If 2002 was memorable for all the right reasons for Ronaldo, 1998 was in complete contrast. A mystery to this day, there was much speculation regarding the Brazilian striker’s health after his omission from the team-sheet, only to be named in the starting line-up moments before kick-off. His presence needn’t have mattered.

Looking very unfit, Ronaldo was ineffectual as France romped into a 2-0 lead thanks to the head (the good kind) of Zinedine Zidane. Emmanuel Petit’s goal in the second-half wrapped up proceedings, as the whole of France went into party mode. It’s unfair that this final is overshadowed by Ronaldo when France’s “golden generation” actually delivered and would confirm their status as one of the all-time great teams two years later by winning the Euros in Rotterdam.

8. Brazil 5 Sweden 2
Råsunda Stadium, Solna (29 June 1958)

1958 pele

The highest-scoring final in World Cup history was witnessed by the lowest attendance ever at a World Cup final. Just 52,000 people witnessed Brazil begin a 12-year domination of the World Cup, in which they would only relinquish hold of the trophy once. Just think about it; only 52,000 witnessed Pelé’s emergence as the world’s greatest footballer, that goal, I could go on.

Despite having the home crowd behind them, Sweden were second best from the outset. They did take the lead, through Nils Liedholm, but this didn’t last long. Brazil were only 2-1 at half-time but the second-half was flooded with goals. Pelé completed the rout on the 90-minute mark with a header. Brazil 5 Sweden, what a spectacle it must have been.

7. Netherlands 1 West Germany 2
Olympiastadion, Munich (7 July 1974)

1974

They were so close, the Dutch were! The Netherlands burst out of the blocks, winning a very early penalty after Johan Cruyff was brought down in the area by Uli Hoeneß. The other Johan, Neeskens converted it to give the Dutch a lead over the hosts. 23 minutes later the Germans equalised through a Paul Breitner penalty.

Two minutes before half-time Gerd Müller scored his last ever international goal to give West Germany the lead. The second-half did not produce any more goals and so the hosts held onto their one-goal lead to beat the favourites. West Germany’s defensive might won the game but very few admirers, the Dutch on the other hand won many admirers but no trophy.

6. Argentina 3 Netherlands 1
Estadio Monumental, Buenos Aires (25 June 1978)

Mario Kempes

Another final from the 1970s surely means more Dutch misery at the hands of the hosts. This final is steeped in controversy. Argentina arrived on the field late, meaning the match kicked off later than planned. René van de Kerkhof’s plaster cast was highlighted by the Argentinian team as a potential health hazard to their players, despite being passed by FIFA. Eventually the match started.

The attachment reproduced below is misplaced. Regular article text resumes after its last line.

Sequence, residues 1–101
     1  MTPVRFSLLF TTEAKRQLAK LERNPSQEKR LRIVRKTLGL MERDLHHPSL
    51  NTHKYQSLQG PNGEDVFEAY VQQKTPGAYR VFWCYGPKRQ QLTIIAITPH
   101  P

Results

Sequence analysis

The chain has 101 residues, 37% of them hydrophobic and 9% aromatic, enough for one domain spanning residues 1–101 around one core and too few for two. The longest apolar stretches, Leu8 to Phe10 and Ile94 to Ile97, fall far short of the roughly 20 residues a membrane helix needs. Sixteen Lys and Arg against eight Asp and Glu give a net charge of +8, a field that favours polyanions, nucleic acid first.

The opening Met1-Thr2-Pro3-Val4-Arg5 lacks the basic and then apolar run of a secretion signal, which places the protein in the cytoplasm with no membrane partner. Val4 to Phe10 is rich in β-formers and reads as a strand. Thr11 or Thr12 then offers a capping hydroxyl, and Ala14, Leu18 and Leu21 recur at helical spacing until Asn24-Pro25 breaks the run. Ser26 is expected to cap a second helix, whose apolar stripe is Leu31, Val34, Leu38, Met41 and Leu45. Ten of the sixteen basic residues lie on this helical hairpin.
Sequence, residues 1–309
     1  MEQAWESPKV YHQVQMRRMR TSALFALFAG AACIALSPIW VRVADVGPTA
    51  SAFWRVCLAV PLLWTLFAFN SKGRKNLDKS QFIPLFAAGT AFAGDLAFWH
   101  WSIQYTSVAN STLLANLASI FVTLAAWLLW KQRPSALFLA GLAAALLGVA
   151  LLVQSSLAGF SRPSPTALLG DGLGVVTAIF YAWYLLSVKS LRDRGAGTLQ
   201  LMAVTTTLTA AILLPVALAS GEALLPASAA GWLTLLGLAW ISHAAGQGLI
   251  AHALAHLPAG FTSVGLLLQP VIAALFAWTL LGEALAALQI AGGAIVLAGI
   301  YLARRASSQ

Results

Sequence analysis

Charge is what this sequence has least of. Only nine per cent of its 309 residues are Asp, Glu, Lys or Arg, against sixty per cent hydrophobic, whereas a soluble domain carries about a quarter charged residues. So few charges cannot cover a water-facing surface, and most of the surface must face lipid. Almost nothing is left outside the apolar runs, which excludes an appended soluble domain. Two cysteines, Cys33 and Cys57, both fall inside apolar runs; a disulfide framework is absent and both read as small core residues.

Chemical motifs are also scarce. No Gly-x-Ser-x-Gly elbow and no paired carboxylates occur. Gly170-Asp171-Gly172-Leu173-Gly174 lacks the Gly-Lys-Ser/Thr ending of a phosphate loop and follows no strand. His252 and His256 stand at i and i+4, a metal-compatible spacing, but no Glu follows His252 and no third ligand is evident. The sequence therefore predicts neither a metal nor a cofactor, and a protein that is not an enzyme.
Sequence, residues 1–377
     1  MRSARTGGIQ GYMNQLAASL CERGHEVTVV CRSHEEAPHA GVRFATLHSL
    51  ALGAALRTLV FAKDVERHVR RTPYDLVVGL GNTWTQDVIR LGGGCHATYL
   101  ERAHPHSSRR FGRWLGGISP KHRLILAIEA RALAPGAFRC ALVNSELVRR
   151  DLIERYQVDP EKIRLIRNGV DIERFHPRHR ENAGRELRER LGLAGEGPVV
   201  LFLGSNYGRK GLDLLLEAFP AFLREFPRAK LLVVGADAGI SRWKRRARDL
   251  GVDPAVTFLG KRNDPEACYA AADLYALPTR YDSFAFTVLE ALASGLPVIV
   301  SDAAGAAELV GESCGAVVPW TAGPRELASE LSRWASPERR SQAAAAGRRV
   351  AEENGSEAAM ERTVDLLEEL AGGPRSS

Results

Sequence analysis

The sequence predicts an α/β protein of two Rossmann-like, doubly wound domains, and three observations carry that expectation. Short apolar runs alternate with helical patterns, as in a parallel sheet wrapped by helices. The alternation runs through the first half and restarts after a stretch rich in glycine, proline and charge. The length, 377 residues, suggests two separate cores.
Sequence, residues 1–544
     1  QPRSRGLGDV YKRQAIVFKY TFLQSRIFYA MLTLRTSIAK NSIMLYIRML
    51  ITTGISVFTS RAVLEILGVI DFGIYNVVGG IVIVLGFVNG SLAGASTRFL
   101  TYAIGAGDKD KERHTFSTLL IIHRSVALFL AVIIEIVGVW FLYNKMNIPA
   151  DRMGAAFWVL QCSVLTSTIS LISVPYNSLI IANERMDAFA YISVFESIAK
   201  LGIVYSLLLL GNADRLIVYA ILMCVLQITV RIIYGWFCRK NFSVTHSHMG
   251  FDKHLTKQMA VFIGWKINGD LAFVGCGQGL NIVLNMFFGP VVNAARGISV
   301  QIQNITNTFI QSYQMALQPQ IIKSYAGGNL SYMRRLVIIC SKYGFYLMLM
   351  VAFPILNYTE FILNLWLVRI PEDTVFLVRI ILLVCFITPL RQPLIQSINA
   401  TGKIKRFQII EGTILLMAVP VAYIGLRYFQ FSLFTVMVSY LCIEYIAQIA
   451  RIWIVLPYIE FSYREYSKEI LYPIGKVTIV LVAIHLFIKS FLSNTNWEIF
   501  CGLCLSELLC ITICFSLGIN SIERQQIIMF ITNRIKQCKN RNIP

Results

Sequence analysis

Much of the final itself is not that memorable but the dying seconds and subsequent extra-time are. Mario Kempes gave Argentina the lead in the first-half before the Dutch finally equalised with eight minutes to go. Rob Rensenbrink, the forgotten man of Dutch football, rolled a shot that hit the post. The game went to extra-time where Mario Kempes bagged a second and Bertoni secured the win. The Netherlands refused to attend the post-match ceremonies after all that had happened earlier.

5. Argentina 3 West Germany 2
Estadio Azteca, Mexico City (29 June 1986)

maradona 1986

If tonight’s final is as good as this, we are in for a treat. Argentina’s march to the final was orchestrated by Diego Maradona. He was their all-important player, the Germans knew that and so took provisions to stop him.

Despite Maradona being heavily man-marked, Argentina opened up a 2-0 lead through José Luis Brown and Jorge Valdano but the Germans were never one to lie down and take a beating. In a pulsating final 15 minutes Karl-Heinz Rummenigge began the comeback on 74 minutes before Rudi Völler completed it on 81 but Maradona only needs one moment of magic.

His superb through ball from midfield found Jorge Burruchaga who put the ball in the back of the net with five minutes remaining. He had done it, Maradona had saved Argentina’s bacon yet again.

4. Brazil 4 Italy 1
Estadio Azteca, Mexico City (21 June 1970)

1970

Let’s face it, it wasn’t much of a contest but this final is tattooed in the footballing psyche as it saw some of the most awe-inspiring football ever produced. Pelé’s header, Carlos Alberto’s goal; this final is in essence a highlights reel in itself.

Remarkably the game was tied at 1-1 at half-time, with Pelé’s opener matched by Roberto Boninsegna, who capitalised on Félix’s howler. The second 45 minutes was a masterclass from the Brazilians. Their free-flowing style bewildered overpowered the Italians who could only watch on and perhaps admire the pinnacle of joga bonita. Goals from Gérson, Jairzinho and of course Carlos Alberto completed the greatest team performance the world has ever seen.

3. England 4 West Germany 2
Wembley Stadium, London (30 July 1966)

1966

In strictly footballing terms, this is without doubt the most controversial World Cup final of the lot. Like many of the finals, the scores were level at half-time and the real action came in the second 45 minutes or in this case, 95 minutes.

In the 78th minute Martin Peters added to Geoff Hurst’s first to give England a 2-1 lead and the game appeared to be going that way, that is until the Germans mounted their usual comeback. West Germany’s second was a messy goalmouth scramble, which Wolfgang Weber got on the end of. The game went to extra-time.